In recent years the Occupational Safety and Health Administration (OSHA) has stepped up its scrutiny of heat-related illnesses suffered by employees. Some state agencies have done the same—with a special focus on warehouse operations.
Some unhappy examples of the heat illness issue in warehousing have been widely disseminated by the media. It was even raised on the CBS TV series “Undercover Boss,” where one CEO had to order his warehouse manager to distribute bottled water to employers, which had been stopped as a cost-cutting measure.
Part of the problem stems from the very nature of the warehouse business. Unless the facilities are temperature-controlled because of the nature of the products stored, it is prohibitively expensive to air condition most warehouses. And if you have ever worked a full shift in one of them in the summer, you know how beastly they can get.
OSHA’s recommendations to employers:
- Designate someone to oversee and enforce a heat illness prevention program.
- Provide an air-conditioned area close to the work and schedule frequent rest breaks. Implement more frequent breaks during the first week in high-heat conditions and establish how often and when breaks should be taken.
- Provide workers with plenty of cool drinking water in convenient, visible locations close to the work area. Remind workers to drink water before they become thirsty and about every 15 minutes. OSHA thinks one cup every 15 minutes is a good rule of thumb.
- Make work schedule changes to reduce extended heat exposure. Examples include scheduling more physically demanding work during cooler times of day and less physically demanding work during the warmer times; rotating workers or using split shifts; and stopping work if control methods are inadequate or unavailable when heat illness risk is very high.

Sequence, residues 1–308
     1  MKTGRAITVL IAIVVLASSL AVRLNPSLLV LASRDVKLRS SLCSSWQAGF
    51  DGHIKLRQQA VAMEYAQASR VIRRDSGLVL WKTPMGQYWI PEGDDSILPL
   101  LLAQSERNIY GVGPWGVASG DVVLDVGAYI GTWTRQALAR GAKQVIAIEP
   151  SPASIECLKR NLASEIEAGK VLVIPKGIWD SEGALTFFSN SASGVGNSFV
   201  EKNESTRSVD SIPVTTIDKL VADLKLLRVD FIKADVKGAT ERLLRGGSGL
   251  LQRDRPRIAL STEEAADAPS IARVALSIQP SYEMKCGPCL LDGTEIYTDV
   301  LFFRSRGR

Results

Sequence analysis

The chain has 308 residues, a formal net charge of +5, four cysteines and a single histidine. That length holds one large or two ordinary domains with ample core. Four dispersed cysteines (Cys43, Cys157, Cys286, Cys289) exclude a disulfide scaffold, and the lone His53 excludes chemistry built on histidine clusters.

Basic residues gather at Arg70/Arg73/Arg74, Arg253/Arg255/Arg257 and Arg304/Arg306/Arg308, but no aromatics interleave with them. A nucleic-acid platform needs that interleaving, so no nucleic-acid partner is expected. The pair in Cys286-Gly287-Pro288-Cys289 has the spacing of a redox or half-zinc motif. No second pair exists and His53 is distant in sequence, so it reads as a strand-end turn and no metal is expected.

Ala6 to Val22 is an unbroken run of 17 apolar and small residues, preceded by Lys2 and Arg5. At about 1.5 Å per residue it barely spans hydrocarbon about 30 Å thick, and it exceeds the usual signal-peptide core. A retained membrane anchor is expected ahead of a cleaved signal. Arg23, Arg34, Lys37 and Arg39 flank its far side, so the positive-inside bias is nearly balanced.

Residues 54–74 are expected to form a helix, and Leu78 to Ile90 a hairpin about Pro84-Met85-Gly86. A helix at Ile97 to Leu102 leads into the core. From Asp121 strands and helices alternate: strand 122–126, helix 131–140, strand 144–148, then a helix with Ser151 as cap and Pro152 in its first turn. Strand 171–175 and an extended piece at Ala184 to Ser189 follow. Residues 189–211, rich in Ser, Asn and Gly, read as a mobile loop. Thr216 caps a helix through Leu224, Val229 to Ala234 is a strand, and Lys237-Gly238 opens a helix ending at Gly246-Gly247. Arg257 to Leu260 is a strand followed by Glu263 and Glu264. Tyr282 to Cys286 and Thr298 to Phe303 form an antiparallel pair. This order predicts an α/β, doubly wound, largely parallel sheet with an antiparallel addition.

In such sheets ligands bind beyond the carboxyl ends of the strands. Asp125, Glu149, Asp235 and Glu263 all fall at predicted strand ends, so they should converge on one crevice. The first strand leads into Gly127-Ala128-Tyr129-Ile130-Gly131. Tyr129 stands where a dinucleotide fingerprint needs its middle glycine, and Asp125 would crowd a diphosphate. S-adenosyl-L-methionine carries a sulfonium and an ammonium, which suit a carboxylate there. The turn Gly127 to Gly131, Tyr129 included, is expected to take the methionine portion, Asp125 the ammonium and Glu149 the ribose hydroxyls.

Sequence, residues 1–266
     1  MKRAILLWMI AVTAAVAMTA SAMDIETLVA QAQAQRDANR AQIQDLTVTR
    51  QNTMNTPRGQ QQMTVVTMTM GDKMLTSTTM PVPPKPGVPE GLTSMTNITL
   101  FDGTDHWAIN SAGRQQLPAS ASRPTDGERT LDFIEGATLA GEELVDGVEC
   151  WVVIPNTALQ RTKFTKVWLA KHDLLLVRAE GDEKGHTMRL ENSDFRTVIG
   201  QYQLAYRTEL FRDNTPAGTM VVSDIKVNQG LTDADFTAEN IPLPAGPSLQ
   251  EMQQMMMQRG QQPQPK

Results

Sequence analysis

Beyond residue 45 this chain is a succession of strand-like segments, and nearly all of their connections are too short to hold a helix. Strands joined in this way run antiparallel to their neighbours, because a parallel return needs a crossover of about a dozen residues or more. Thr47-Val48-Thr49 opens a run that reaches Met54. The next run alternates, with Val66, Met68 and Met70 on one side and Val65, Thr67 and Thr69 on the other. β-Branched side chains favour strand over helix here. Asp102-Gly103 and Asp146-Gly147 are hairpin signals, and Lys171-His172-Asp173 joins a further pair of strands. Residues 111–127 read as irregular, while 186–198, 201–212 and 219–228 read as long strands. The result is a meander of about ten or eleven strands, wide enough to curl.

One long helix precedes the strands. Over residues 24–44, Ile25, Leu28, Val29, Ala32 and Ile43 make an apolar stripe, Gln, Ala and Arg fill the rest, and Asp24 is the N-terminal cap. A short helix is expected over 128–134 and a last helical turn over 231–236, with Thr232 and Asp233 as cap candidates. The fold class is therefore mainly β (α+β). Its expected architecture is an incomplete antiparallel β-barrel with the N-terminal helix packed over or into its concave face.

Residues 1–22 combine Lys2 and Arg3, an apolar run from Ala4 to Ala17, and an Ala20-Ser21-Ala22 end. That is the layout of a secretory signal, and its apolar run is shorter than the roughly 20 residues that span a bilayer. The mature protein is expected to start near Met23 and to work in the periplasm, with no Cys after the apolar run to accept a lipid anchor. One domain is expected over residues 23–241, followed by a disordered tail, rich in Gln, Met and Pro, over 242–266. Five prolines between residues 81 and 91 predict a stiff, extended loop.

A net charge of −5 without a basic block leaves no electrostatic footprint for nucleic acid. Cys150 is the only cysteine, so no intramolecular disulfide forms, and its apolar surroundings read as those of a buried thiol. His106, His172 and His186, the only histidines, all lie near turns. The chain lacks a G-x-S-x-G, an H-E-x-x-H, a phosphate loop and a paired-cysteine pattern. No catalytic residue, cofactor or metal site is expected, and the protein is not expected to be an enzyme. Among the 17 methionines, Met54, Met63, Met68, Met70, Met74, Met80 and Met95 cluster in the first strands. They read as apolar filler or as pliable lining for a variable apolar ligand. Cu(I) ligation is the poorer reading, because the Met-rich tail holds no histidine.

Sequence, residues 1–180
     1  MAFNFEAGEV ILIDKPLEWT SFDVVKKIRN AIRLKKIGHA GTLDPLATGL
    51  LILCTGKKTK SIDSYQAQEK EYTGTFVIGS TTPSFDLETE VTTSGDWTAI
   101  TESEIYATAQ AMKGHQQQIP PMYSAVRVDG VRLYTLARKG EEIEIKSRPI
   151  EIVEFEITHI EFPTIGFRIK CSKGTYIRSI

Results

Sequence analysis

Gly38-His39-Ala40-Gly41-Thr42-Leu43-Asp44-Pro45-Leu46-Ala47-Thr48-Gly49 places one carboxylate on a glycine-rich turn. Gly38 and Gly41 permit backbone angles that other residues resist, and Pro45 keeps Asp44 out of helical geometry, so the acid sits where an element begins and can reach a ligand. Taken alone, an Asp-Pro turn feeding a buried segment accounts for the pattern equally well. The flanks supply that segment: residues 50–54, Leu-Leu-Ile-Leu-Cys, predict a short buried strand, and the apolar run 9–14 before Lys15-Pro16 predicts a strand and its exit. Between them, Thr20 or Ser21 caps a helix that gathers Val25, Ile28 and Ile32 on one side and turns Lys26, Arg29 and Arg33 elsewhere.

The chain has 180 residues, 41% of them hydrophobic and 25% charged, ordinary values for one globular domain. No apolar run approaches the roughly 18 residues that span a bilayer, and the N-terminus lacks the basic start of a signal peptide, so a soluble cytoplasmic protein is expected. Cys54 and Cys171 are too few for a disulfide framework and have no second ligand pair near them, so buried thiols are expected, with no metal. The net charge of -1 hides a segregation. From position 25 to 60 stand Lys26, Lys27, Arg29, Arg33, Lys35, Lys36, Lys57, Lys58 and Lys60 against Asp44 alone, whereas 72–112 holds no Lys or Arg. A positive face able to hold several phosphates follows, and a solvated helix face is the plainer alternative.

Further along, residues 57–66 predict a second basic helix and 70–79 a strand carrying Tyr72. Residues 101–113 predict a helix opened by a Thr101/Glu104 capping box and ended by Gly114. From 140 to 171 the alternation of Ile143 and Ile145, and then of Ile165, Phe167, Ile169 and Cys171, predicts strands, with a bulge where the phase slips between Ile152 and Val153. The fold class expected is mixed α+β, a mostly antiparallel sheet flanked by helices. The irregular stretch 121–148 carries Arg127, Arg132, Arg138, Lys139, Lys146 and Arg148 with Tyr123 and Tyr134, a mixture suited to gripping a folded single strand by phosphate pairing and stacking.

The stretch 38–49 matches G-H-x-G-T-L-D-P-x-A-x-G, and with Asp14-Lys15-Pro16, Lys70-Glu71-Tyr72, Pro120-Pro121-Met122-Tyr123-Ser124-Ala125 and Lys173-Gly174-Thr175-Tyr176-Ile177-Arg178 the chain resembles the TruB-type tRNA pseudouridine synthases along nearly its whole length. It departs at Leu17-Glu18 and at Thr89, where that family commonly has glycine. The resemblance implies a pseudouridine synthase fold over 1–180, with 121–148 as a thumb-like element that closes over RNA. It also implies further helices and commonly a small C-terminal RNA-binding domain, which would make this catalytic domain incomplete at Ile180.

- Encourage employees to wear or provide employees with light-colored and permeable clothing and consider whether other controls can be implemented.
- Monitor workers for symptoms of heat exposure and encourage them to report any they experience. Have workers partner with each other and watch for signs of heat-related illness in co-workers.
- Train workers and supervisors about hazards leading to heat stress and how to recognize it in themselves and others, how to prevent it and appropriate first-aid procedures.
- Implement an emergency action plan and know what to do if someone experiences symptoms of a heat-related illness.
Stricter in California
Three states currently have their own heat-related work regulations: California, Minnesota and Washington State. California’s—augmented by changes effective May 1—are even stricter than federal standards.
Under the strengthened rules, in addition to other requirements California employers now must:
- Not only provide water, but guarantee it is free, fresh, pure and suitably cool.
- During “high heat” situations (where the temperature hits 95 degrees or more), have one supervisor for every 20 or fewer employees, a mandatory buddy system, and regular electronic device communication with each employee.
- Designate at least one employee on each worksite authorized to call for emergency medical services, or to instruct other employees to call.
- Hold pre-shift meetings on each shift during high heat conditions to review procedures, encourage employees to drink plenty of water, and remind them of their right to take a cool-down rest break.
- Adopt new training procedures for a heat wave, defined as temperatures over 80 degrees or anytime the temperature is 10 degrees higher than the average high in the preceding five days.
- Include in employee training information about the employer’s responsibility to provide water and cool-down rests, employees’ rights, first aid, emergency response procedures, and methods of acclimatization.